Annual Agricultural Outlook Meeting
Every year Ohio State Extension hosts Agricultural Outlook Meetings across the state. OSU Extension and First Citizens National Bank will be hosting one in Wyandot County on March 1, 2011, 6:00 PM in the Masters Building at the Wyandot County Fairgrounds. Reservation can be made by contacting OSU Extension at 419-294-4931 on Monday, Tuesday or Thursday. Cost will be $10.00 and includes supper.
One of the speakers at our Outlook Meeting will be Barry Ward Leader, Production Business Management Ohio State University Extension Department of Agricultural, Environmental and Development Economics. He has summarized some of his current predictions on crop profitability and input prices and posted them at http://ohioagmanager.osu.edu. I have summarized some of the more important parts in this article.
Crop profitability prospects for 2011 are positive for the three major row crops in Ohio. Input costs have increased from last year but increases in commodity futures crop prices for the 2011 crop year have increased substantially as well. Enterprise budget projections show positive returns for corn, soybeans and wheat in 2011. These budgets are available online at: http://aede.osu.edu/Programs/FarmManagement/Budgets/index.htm.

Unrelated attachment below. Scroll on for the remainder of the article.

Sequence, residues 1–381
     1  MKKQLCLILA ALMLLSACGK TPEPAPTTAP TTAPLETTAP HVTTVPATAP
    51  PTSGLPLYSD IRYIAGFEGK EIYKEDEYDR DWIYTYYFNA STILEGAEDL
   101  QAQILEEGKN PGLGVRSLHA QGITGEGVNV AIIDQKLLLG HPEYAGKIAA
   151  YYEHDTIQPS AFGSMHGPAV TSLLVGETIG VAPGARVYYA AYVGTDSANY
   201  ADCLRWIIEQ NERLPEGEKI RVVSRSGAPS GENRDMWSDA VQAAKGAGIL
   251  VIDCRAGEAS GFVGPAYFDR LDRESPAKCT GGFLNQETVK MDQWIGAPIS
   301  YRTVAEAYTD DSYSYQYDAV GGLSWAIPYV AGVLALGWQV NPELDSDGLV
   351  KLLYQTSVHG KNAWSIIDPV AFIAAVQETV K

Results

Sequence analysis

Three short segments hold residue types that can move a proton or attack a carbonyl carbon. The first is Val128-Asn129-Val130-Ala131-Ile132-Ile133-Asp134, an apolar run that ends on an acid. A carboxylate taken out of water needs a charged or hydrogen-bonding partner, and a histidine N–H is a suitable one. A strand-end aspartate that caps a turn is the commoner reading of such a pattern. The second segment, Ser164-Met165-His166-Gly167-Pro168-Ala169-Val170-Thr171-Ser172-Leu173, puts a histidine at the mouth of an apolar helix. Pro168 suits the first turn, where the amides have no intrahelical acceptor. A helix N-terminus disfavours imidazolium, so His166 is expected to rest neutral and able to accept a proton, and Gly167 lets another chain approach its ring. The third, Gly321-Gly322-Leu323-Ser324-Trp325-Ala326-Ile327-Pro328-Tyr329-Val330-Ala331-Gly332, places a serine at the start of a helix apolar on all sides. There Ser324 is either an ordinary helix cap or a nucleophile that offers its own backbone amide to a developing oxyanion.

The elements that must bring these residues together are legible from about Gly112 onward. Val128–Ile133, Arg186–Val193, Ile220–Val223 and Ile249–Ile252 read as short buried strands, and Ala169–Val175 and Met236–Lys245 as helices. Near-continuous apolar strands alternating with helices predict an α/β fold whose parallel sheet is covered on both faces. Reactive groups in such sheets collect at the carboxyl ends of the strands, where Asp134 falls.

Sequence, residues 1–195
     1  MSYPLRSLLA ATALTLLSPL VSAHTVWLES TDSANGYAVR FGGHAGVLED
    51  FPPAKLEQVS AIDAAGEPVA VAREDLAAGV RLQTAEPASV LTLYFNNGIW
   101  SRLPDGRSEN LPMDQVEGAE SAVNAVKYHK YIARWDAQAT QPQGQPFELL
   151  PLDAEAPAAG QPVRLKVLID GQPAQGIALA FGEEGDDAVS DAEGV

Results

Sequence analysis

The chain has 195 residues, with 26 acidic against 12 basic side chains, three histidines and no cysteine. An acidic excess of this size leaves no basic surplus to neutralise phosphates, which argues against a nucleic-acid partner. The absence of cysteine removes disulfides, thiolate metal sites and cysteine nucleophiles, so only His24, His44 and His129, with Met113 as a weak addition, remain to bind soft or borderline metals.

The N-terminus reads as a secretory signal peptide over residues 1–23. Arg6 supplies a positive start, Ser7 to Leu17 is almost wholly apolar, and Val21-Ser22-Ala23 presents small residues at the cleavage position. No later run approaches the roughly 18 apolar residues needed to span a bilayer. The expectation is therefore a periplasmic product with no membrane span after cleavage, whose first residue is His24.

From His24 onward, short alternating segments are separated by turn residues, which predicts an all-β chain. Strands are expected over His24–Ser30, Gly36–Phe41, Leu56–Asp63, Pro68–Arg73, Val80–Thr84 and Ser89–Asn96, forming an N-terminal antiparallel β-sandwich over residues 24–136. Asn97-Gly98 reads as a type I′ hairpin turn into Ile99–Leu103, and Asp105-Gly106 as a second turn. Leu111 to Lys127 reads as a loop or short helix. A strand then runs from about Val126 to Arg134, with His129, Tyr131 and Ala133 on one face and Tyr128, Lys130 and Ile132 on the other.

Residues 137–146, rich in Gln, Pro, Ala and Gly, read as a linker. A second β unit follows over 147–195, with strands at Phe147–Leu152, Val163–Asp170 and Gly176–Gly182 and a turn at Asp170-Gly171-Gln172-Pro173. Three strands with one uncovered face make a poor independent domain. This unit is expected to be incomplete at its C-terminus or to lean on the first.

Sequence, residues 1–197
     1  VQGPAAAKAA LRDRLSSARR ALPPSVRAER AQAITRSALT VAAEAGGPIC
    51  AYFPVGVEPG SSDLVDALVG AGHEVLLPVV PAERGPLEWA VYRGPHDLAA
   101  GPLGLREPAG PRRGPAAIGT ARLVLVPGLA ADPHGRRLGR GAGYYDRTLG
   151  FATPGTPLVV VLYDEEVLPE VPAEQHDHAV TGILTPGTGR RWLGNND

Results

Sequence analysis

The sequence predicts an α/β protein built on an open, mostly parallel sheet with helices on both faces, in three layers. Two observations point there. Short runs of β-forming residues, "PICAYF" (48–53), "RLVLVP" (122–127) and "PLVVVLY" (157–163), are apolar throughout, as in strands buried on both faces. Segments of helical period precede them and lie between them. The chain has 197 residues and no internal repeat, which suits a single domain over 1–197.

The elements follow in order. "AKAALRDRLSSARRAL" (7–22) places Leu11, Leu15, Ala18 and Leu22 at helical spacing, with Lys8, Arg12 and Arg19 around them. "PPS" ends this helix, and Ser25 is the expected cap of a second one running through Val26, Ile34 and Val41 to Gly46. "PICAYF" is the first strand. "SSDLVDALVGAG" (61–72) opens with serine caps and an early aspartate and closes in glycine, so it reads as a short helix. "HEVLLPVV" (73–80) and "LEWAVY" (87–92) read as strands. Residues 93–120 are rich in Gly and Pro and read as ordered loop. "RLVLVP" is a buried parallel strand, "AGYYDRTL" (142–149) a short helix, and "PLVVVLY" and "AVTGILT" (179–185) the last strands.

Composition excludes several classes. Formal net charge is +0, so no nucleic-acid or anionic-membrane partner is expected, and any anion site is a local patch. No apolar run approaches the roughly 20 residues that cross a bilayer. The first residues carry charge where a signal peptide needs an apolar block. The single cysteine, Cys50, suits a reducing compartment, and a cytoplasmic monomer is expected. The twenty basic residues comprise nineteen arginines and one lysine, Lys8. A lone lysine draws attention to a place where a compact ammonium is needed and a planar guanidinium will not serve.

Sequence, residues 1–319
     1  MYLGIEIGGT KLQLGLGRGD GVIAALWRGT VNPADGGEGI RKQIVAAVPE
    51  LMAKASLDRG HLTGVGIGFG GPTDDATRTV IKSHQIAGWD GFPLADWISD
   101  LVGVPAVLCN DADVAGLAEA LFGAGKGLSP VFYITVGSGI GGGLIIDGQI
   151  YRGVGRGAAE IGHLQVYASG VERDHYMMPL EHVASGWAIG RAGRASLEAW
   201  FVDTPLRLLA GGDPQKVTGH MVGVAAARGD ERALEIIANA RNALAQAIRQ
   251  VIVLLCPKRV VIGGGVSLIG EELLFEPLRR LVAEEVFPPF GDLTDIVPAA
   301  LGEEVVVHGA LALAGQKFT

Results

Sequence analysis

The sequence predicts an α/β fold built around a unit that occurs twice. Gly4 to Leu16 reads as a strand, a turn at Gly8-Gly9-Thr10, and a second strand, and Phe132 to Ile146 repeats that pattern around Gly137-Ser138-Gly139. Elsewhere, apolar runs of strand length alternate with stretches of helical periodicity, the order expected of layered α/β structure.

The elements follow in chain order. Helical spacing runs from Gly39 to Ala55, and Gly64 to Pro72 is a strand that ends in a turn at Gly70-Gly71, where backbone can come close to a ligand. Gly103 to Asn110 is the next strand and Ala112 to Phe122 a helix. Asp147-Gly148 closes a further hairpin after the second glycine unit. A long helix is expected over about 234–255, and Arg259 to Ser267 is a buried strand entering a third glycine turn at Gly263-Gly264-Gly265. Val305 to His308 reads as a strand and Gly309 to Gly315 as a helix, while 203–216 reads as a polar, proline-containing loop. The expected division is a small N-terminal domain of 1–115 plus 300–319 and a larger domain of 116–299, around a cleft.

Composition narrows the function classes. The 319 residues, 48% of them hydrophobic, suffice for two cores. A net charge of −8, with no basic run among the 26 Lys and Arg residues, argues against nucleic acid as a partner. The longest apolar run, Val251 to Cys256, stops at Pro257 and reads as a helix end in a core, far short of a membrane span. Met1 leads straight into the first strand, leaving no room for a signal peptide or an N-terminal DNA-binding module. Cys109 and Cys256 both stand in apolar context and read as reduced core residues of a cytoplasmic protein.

Higher commodity prices and higher costs lead us to a riskier production year as the cash investment in an acre of corn will top $350 and in some production scenarios be closer to $400 per acre. The cash investment in an acre of soybeans will be in the $200 range.
Fertilizer continues to be the most volatile of the crop input costs and cost management of this important input may be the difference in being a low cost or high cost producer in 2011. Fertilizer prices were relatively flat through July of 2010. Since August fertilizer prices have increased substantially. A number of factors have led to the rapid increase in these fertilizer prices. First, due to relatively low crop prices through mid-summer, fertilizer manufacturers were not producing at full capacity anticipating a flat global demand for fertilizer through the fall of 2010 and into the spring of 2011. This relatively empty pipeline together with an early harvest in the U.S. Corn belt and much higher prices for major row crops has led to the higher fertilizer prices that we are now experiencing. Higher prices for corn, soybeans and wheat have signaled the global marketplace to increase acreage (bringing marginal acres back into production) and increase fertilizer rates on all acres. Higher energy prices have also put upward pressure on all fertilizer prices due to the higher
mining, manufacturing and transportation costs.
For more detailed information either go to http://ohioagmanager.osu.edu or contact the Wyandot County OSU Extension office for a printed copy of the report.
Article by Chris Bruynis, Extension Educator
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